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In 13 sharp, witty stories, Spokane, Wash.’s Jess Walter captures the gritty, quirky and heartbreaking lives of a variety of Pacific Northwesterners. Walter convincingly inhabits each character he creates, from a hungry meth addict wheeling an enormous TV toward a hoped-for pawnshop payout, to a blue-collar dad trying to figure out which of his kids is stealing from the jar of pocket change that holds the family’s vacation fund. Much like his previous books, We Live in Water is alive with junkies, gamblers, scammers, drunks, down-and-outers and white-collar criminals, all of them too complex and endearing for the reader to easily judge or dismiss. Many of these stories delve deeply into the relationships between fathers and sons, particularly “Anything Helps,” which gets its name from the phrase that Bit, its homeless protagonist, inks on a cardboard sign. With $20 from a Mercedes driver, he buys a Harry Potter book for…
10 Aug 2013
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When Esther Chambers moves to central Oregon from Chicago in 1896, she finds herself caught in a range war between cattle-ranchers and sheepherders. Anna Keesey's elegant debut novel, Little Century, resurrects the complex West of those early days, in prose that captures the rhythms and diction of 100 years ago. Esther's mother died a few months earlier, and her only surviving relative is a distant cousin, Ferris Pickett, known as Pick, who owns the Two Forks ranch outside of Century, Ore. Pick persuades the 18-year-old to swear she is 21 in order to file a claim on a plot of land that includes a playa lake called Half-a-Mind. Water is scarce in this arid country, and Pick wants to graze his cattle at Half-a-Mind, although sheep-ranchers also use the free-range land nearby. “You've had a hard time,” Pick tells Esther. “But this is a good country for someone alone. We're…
03 Aug 2013
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Halfway through Marisa Silver's crystalline new novel, Mary Coin, two women's lives converge near a frost-blighted field of peas in Depression-era California. Vera Dare, a government photographer, aims her camera at a rumpled migrant family. Her thoughts drift to her own children: two young boys sent to a boardinghouse, because she cannot afford to take care of them. The woman on the other side of the lens is Mary Coin, a single mother with seven hungry children who is barely scraping by as a migrant farmworker. In the photos, she cradles a sick infant and looks considerably older than her 32 years. You might pause to take a long look at the book's dust jacket and let Dorothea Lange's “Migrant Mother” (cropped close and colorized) meld with the story. Lange documented farm-laborers for the Farm Security Administration, which sought to draw national attention to rural poverty. Lange's iconic photo of…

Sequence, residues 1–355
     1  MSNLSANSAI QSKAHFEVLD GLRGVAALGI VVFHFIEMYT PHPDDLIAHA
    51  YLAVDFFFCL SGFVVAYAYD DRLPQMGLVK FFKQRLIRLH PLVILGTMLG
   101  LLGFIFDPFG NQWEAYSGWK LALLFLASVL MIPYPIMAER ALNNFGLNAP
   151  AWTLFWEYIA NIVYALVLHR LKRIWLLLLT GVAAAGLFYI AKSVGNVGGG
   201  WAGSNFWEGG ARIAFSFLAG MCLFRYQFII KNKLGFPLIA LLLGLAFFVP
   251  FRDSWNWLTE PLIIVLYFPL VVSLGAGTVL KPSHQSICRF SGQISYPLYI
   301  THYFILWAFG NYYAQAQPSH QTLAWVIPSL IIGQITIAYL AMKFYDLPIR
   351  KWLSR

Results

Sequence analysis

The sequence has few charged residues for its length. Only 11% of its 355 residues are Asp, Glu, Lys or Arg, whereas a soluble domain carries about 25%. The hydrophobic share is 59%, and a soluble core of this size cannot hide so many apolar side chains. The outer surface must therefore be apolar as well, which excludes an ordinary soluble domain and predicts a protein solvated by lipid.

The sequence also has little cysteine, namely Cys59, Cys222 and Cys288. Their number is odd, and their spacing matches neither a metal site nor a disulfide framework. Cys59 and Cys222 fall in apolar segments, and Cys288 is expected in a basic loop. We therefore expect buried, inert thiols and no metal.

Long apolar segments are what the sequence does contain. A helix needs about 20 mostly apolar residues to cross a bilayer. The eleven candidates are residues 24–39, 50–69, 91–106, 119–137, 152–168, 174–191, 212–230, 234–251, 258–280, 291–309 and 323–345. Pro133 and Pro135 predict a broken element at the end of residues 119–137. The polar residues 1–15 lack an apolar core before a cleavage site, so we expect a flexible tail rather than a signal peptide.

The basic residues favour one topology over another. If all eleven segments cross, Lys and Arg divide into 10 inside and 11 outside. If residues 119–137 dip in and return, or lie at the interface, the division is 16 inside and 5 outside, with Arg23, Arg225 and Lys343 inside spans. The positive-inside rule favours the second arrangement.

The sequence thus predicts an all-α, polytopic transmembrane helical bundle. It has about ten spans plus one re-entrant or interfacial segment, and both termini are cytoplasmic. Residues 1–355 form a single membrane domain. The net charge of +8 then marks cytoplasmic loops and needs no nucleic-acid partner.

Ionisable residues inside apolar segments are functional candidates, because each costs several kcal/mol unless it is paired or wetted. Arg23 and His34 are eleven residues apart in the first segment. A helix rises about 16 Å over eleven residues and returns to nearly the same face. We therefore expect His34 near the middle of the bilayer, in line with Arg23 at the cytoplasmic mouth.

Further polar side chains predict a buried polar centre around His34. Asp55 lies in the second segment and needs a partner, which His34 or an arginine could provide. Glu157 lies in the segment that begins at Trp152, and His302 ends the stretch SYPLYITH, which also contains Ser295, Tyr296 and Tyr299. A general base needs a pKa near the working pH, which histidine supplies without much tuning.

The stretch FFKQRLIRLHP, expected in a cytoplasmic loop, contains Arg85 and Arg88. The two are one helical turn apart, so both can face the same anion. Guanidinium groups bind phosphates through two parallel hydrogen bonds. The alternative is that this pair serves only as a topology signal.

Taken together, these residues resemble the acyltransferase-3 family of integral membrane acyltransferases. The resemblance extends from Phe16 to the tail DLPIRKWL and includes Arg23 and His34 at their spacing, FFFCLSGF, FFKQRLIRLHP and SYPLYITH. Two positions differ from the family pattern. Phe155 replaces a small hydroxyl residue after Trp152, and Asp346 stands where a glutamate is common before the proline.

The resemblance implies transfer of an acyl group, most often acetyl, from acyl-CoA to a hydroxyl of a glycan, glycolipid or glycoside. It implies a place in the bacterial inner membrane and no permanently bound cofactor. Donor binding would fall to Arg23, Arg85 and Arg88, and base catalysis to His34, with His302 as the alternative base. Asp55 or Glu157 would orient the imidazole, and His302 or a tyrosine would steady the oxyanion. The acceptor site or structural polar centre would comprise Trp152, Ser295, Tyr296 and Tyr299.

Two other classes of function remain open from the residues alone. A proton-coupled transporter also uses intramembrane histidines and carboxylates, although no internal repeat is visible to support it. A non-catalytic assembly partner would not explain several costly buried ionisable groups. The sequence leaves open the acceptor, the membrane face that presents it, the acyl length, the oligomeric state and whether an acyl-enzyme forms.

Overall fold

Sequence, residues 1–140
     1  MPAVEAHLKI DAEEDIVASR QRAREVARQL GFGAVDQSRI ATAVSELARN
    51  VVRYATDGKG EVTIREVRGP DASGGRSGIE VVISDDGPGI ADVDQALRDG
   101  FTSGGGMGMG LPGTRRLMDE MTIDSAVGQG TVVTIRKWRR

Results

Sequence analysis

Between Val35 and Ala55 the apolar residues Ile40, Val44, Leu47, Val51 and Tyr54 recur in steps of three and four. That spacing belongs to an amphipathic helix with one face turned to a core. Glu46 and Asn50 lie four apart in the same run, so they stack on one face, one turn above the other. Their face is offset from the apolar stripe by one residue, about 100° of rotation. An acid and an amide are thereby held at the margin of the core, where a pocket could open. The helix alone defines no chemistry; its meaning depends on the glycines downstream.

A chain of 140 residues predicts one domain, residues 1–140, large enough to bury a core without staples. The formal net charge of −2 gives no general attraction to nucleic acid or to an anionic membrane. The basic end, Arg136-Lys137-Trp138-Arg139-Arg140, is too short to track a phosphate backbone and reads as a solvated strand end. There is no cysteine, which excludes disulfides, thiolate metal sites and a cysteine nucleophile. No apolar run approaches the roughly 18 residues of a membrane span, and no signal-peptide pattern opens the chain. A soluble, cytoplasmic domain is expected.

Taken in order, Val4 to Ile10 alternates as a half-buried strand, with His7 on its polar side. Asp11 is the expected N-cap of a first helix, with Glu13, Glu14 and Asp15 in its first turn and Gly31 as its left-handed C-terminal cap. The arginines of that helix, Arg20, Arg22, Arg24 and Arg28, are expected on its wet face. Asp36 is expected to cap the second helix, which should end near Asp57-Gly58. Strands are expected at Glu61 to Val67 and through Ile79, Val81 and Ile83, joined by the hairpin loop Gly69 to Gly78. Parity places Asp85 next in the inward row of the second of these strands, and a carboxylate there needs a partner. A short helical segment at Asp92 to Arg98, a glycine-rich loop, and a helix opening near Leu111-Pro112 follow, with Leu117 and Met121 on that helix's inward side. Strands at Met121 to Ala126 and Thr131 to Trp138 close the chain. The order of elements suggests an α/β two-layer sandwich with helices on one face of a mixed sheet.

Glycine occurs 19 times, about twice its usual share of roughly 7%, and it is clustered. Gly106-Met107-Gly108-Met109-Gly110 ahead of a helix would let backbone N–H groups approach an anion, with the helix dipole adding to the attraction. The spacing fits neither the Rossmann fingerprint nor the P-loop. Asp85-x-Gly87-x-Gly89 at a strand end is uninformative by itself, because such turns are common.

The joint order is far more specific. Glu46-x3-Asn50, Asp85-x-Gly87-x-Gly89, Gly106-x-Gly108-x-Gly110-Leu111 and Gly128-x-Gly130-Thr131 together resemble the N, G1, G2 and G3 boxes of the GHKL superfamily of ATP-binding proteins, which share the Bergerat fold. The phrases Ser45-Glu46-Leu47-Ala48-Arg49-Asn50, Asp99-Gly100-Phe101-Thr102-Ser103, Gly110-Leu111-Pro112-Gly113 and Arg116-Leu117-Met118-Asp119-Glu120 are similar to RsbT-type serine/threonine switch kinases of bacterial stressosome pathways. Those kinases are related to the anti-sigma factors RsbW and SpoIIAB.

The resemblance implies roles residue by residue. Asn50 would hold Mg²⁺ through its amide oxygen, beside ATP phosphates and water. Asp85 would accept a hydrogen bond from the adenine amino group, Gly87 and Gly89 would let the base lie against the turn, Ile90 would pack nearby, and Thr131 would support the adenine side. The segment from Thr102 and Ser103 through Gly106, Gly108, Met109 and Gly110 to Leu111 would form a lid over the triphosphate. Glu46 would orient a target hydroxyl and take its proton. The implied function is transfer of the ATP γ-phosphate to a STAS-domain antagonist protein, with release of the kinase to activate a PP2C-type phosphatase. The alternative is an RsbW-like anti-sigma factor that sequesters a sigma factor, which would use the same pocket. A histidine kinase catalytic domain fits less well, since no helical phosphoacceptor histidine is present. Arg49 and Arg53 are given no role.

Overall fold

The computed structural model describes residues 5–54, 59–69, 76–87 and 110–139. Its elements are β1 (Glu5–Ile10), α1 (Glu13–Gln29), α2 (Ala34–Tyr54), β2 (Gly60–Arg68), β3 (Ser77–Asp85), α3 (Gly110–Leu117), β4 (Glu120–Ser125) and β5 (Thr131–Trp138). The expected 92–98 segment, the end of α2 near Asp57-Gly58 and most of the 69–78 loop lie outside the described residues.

19 Jul 2013
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When it comes to modern poetry, Mira Gonzalez is an invigorating force. She recently released her first collection of poems, I Will Never Be Beautiful Enough to Make Us Beautiful Together, through Sorry House Publishing. Originally from Venice, Calif., Gonzalez is the daughter of visual artist and singer Lora Norton, and the stepdaughter of Black Flag bassist Chuck Dukowski. Her mother, stepfather and brother, Milo, are also members of the Chuck Dukowski Sextet. While her family is known for music, Mira has made writing her creative outlet of choice. She lists Haruki Murakami, Tao Lin, and Virginia Woolf as her writing influences. “I’ve been writing for as long as I can remember, or at least since I was very young,” Gonzalez said. “I guess I started focusing on writing poetry specifically sometime in early high school. I have always enjoyed reading and read a lot of books, which is what…